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SBI looking at unnamed third person in Landis case

By Liz Moomey


LANDIS — Town Manager Reed Linn and Finance Officer Ginger Gibson have resigned, but they’re not the only subjects of a state investigation into the town of Landis’ finances.

Audria Bridges, SBI agent in charge for the Southern Piedmont District, confirmed Friday that a third subject is involved in a case centering on embezzlement, but she did not provide a name. Bridges advised the Post to file an open-records request. The request had not been filled by Friday afternoon.

Meanwhile, Police Chief Kenny Isenhour has taken on the role of interim town manager. Isenhour previously had been scheduled to take over on March 1 — the date of Linn’s scheduled retirement. Linn’s resignation as town manager in the wake of an SBI investigation bumped up Isenhour’s start date to noon Friday, Mayor Mike Mahaley said.

Town officials also confirmed that Linn would no longer serve as fire chief.

The resignations were announced Thursday in an emailed news release from the town of Landis and signed by Mahaley. The probe reportedly was opened when the Landis Police Department was directed last week to open an administrative investigation of allegations relating to town finances. Police officers spoke with Rowan County District Attorney Brandy Cook, who asked the SBI to open an independent criminal investigation.

Exactly who initiated the investigation is a matter of contention. Mahaley and the Landis Board of Aldermen directed the Police Department to open the case, according to the town’s news release. However, Alderman Seth Moore said he is solely responsible for initiating the investigation and that preliminary findings were shared with Mahaley and others on Wednesday.

Next steps

As the SBI’s investigation continues, Landis officials will call a meeting to discuss appointing a finance officer. Mahaley said Friday he is unsure when the meeting will be called.

Mahaley said he loves the town and has no plans to resign with “a couple of exclamation points.” He added no other aldermen have indicated they plan to leave the board. The aldermen plan to spend time “getting back on track and filling the holes,” he said.

Mahaley declined to discuss details about Linn, including if the former town manager will receive a severance package.

If Landis officials are interested, the town has an offer from China Grove to assist in any way possible, said China Grove Mayor Lee Withers.

After a standing-room-only meeting on Monday at which residents voiced concerns about a litany of topics, Withers said he directed China Grove Town Manager Ken Deal to offer to Landis “anything we can do to assist short of writing a check.” That may be police or fire department assistance or help with day-to-day operations, Withers said.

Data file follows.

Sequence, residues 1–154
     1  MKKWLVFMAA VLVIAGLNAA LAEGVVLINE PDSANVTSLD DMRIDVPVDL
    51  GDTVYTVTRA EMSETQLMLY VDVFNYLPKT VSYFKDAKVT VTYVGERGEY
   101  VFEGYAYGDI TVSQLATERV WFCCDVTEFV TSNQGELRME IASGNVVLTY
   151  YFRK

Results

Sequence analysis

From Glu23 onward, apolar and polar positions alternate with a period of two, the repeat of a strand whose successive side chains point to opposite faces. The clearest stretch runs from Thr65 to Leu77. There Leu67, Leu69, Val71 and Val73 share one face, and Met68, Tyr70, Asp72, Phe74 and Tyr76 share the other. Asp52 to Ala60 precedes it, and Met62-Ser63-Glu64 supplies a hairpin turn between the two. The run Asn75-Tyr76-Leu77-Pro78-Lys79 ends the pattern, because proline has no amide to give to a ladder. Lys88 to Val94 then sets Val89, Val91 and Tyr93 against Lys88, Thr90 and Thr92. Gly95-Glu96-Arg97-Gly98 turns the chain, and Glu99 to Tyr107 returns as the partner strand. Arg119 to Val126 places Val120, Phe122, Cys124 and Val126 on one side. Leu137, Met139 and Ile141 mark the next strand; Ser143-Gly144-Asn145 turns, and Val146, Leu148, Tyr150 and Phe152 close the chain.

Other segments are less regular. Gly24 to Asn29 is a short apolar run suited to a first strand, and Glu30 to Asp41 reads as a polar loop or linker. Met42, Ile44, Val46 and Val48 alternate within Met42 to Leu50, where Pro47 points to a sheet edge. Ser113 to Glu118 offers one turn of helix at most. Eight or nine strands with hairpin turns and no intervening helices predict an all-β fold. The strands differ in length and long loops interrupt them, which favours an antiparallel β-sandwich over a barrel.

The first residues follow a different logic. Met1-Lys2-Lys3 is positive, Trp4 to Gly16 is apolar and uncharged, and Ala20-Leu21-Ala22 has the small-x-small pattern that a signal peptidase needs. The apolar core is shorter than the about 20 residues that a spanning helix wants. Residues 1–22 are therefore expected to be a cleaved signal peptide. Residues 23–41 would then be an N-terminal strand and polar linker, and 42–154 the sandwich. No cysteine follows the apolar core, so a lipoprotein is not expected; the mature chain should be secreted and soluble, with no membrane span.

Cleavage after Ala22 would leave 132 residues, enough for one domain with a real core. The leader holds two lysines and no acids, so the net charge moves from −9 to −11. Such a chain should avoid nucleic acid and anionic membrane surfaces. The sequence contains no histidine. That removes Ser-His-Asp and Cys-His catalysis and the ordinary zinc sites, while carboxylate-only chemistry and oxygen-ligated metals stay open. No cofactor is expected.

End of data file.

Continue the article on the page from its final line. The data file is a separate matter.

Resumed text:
On Friday, Withers said the offer stands.

Deal said he’s spoken to the Landis administrative staff to extend the offer.

Residents’ reaction

Meredith Smith, who has lived in Landis for 22 years, said she has mixed emotions about the week’s news.

“It was sad for the residents that we were told on Monday that it was fake news,” Smith said, referring to a Post article saying the Local Government Commission was looking into the town’s finances.

Smith said she and other residents had heard rumors about town money being used incorrectly for some time.

On Monday, Mahaley called for residents to make an open-records request if they have questions about the town’s administration. Smith did just that, submitting a request for 2016-17 audits; letters from the Local Government Commission dating to 2016; salaries for 2016, 2017 and 2018; and utility rates. Smith said she was initially told her request would be filled Friday but has since been told it will take more time.

After praise of Linn by aldermen at Monday’s meeting and this week’s resignation of the town manager, Smith said she feels “wronged.”

“I was led to believe that we had the best thing going for my town,” she said.

Nadine Cherry, a frequent speaker during public-comment periods at Board of Aldermen meetings, said she was not surprised by the announcement of the SBI investigation.

“There’s just been too many discrepancies,” Cherry said.

Colin Patterson, who was a Landis firefighter for more than 17 years, said while he was working for the town he saw things that were “not right at all.” Patterson said town employees tended to personal business during work hours time and bought items with the town’s card for personal use.

Former Mayor Dennis Brown said he is very surprised about news of the investigation but refused to comment further.

Former Alderwoman Lisa Propst, who now lives on the North Carolina coast, said she believes the matter being investigated by the SBI dates back years, possibly to when she served on the board in the early 2000s.

Post reporter Shavonne Walker and Editor Josh Bergeron contributed to this report.



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